Tuesday, Feb. 21, 2012 | 2 a.m.
With traditional Hawaiian cuisine on its menu and a “hang-loose” island spirit permeating the property, the California Hotel and Casino long ago established itself as a destination for Hawaiian tourists visiting Las Vegas.
But finding new ways to cater to specific communities and bring in guests isn’t a novel idea for Las Vegas casinos. In fact, it’s a necessity.
With casinos offering the same basic products — beds, food, entertainment and a place to gamble — finding ways to differentiate a property is crucial, said Anthony Curtis, president of LasVegasAdvisor.com.
Casinos “are looking for ways to appeal to a group that maybe the guy down the street isn’t doing,” Curtis said. “Essentially, they have to differentiate, they have to pick areas to specialize in.”
Whether it’s adding menu items, arranging special events or providing diversity training for staff, casinos are always looking for new ways to reach out to niche audiences.
Here’s a look at some of the different groups casinos are trying to court:
It’s no secret Asian visitors to Las Vegas are a coveted audience for most casinos. But while many properties hire floor staff versed in several foreign languages or roll out the decorations for Chinese New Year, others like Palace Station make catering to Asian guests a year-round focus.
Unique offerings like the option to order tableside dim sum while gambling or the large number of tables offering less-mainstream games like no commission baccarat help distinguish Palace Station, said Vik Mahajan, the casino’s vice president and general manager.
“We understand and respect the culture, and I think that gives us a very strong edge against the competition,” Mahajan said.
Palace Station and other nearby casinos like Gold Coast and the Rio benefit from their proximity to China Town, Curtis said, and have responded in part by adding restaurants to appeal to Asian guests.
Tucked toward the bottom of the Luxor’s website is a link marked “LGBT.” One click and visitors are taken to a page designed specifically for lesbian, gay, bisexual or transgender guests.
The Luxor has been marketing to the gay community for more than a decade through advertisements, special events and travel packages, said Brad Goldberg, vice president of marketing for the Luxor and the Excalibur.
“It’s been an underserved segment in Las Vegas for many years, and we felt it was a market we could provide a positive experience for,” Goldberg said.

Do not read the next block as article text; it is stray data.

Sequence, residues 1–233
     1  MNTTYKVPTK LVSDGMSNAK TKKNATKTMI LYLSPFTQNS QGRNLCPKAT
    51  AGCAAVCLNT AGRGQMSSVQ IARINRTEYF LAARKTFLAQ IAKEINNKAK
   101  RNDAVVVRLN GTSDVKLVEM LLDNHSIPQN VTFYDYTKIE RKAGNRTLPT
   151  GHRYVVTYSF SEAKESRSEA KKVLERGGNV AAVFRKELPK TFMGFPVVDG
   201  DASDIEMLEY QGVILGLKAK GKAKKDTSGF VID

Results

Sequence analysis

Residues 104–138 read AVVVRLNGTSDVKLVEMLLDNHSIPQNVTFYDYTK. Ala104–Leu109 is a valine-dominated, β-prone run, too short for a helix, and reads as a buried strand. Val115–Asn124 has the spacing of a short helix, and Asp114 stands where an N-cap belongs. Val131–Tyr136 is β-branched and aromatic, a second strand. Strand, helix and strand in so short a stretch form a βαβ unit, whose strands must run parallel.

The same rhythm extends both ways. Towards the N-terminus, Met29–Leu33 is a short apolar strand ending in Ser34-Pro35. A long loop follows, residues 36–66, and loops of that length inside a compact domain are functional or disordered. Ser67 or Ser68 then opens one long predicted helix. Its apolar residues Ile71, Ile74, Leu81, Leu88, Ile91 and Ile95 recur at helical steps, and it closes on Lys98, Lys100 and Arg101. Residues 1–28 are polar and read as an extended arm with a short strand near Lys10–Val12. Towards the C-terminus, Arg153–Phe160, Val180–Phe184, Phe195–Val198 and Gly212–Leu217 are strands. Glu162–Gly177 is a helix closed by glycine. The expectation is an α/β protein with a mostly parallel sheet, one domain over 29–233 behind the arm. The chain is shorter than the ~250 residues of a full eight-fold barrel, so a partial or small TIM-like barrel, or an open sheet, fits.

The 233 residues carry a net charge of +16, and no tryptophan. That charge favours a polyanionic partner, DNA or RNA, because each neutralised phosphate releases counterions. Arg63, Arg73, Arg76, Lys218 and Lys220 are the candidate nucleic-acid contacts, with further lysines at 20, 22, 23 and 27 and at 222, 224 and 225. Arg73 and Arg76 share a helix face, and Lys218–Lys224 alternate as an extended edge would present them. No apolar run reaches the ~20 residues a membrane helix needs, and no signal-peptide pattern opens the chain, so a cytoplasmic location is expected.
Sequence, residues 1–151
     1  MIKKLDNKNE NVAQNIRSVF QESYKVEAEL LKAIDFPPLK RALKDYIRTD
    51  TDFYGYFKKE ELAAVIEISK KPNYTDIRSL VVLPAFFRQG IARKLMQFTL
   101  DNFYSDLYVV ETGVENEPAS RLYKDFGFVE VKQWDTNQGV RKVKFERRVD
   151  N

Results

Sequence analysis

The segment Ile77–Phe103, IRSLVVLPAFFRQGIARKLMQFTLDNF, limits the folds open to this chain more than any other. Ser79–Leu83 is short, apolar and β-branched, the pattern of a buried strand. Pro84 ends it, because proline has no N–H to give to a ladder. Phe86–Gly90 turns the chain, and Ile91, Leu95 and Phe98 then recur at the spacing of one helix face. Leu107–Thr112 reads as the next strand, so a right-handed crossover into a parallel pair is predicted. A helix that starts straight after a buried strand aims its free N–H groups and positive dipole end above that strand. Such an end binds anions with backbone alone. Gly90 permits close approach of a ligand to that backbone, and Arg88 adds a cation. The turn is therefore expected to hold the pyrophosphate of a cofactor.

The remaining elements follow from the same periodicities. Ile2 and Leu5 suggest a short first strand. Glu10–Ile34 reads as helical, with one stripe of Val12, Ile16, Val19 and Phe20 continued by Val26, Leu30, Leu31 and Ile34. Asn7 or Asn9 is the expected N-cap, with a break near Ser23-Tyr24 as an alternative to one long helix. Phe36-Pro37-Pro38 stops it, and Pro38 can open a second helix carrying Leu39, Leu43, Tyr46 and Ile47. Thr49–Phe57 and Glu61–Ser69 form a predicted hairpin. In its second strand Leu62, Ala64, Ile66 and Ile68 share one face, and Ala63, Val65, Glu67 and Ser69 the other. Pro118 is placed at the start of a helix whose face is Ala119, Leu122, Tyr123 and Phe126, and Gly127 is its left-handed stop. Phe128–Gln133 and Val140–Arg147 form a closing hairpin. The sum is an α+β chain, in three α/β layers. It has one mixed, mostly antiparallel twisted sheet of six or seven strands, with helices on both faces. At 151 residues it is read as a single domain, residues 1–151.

In addition to its weekly Temptation Sundays pool party, the Luxor also schedules events throughout the year aimed at appealing to the LGBT crowd.
Around town, other casinos are finding ways to cater to gay tourists — Paris has a special LGBT section of its website, Wynn and Encore feature a Pride Concierge dedicated to helping gay guests, and boutiques like Rumor have introduced pool parties and other amenities.
Before it was dubbed Las Vegas’ “cowboy casino” by the new Travel Channel television series “Vegas Stripped,” the South Point Casino had a long history of attracting tourists who are more likely to be wearing a pair of boots and a 10-gallon hat.
In addition to 1,200 stalls available for horses, South Point features a 4,600-seat, indoor equestrian center that hosts events throughout the year.
The casino is always a hot-spot each December when the National Finals Rodeo comes to town, but its event center is booked year-round with different horse shows, rodeos and breeder events.
With Las Vegas quickly becoming a top destination for 20-somethings looking to party a weekend away at the pool or at a nightclub, several casinos have long positioned themselves for the “hip, cool, pool crowd,” Curtis said.
The Palms made a name for itself as the host of MTV’s “Real World,” and has capitalized on that notoriety with the addition of several popular nightclubs and some of the city’s wildest parties at its day clubs. Both the Palms and the Hard Rock, another popular stop for the younger crowd, feature mid-sized concert venues that draw popular acts from a range of genres.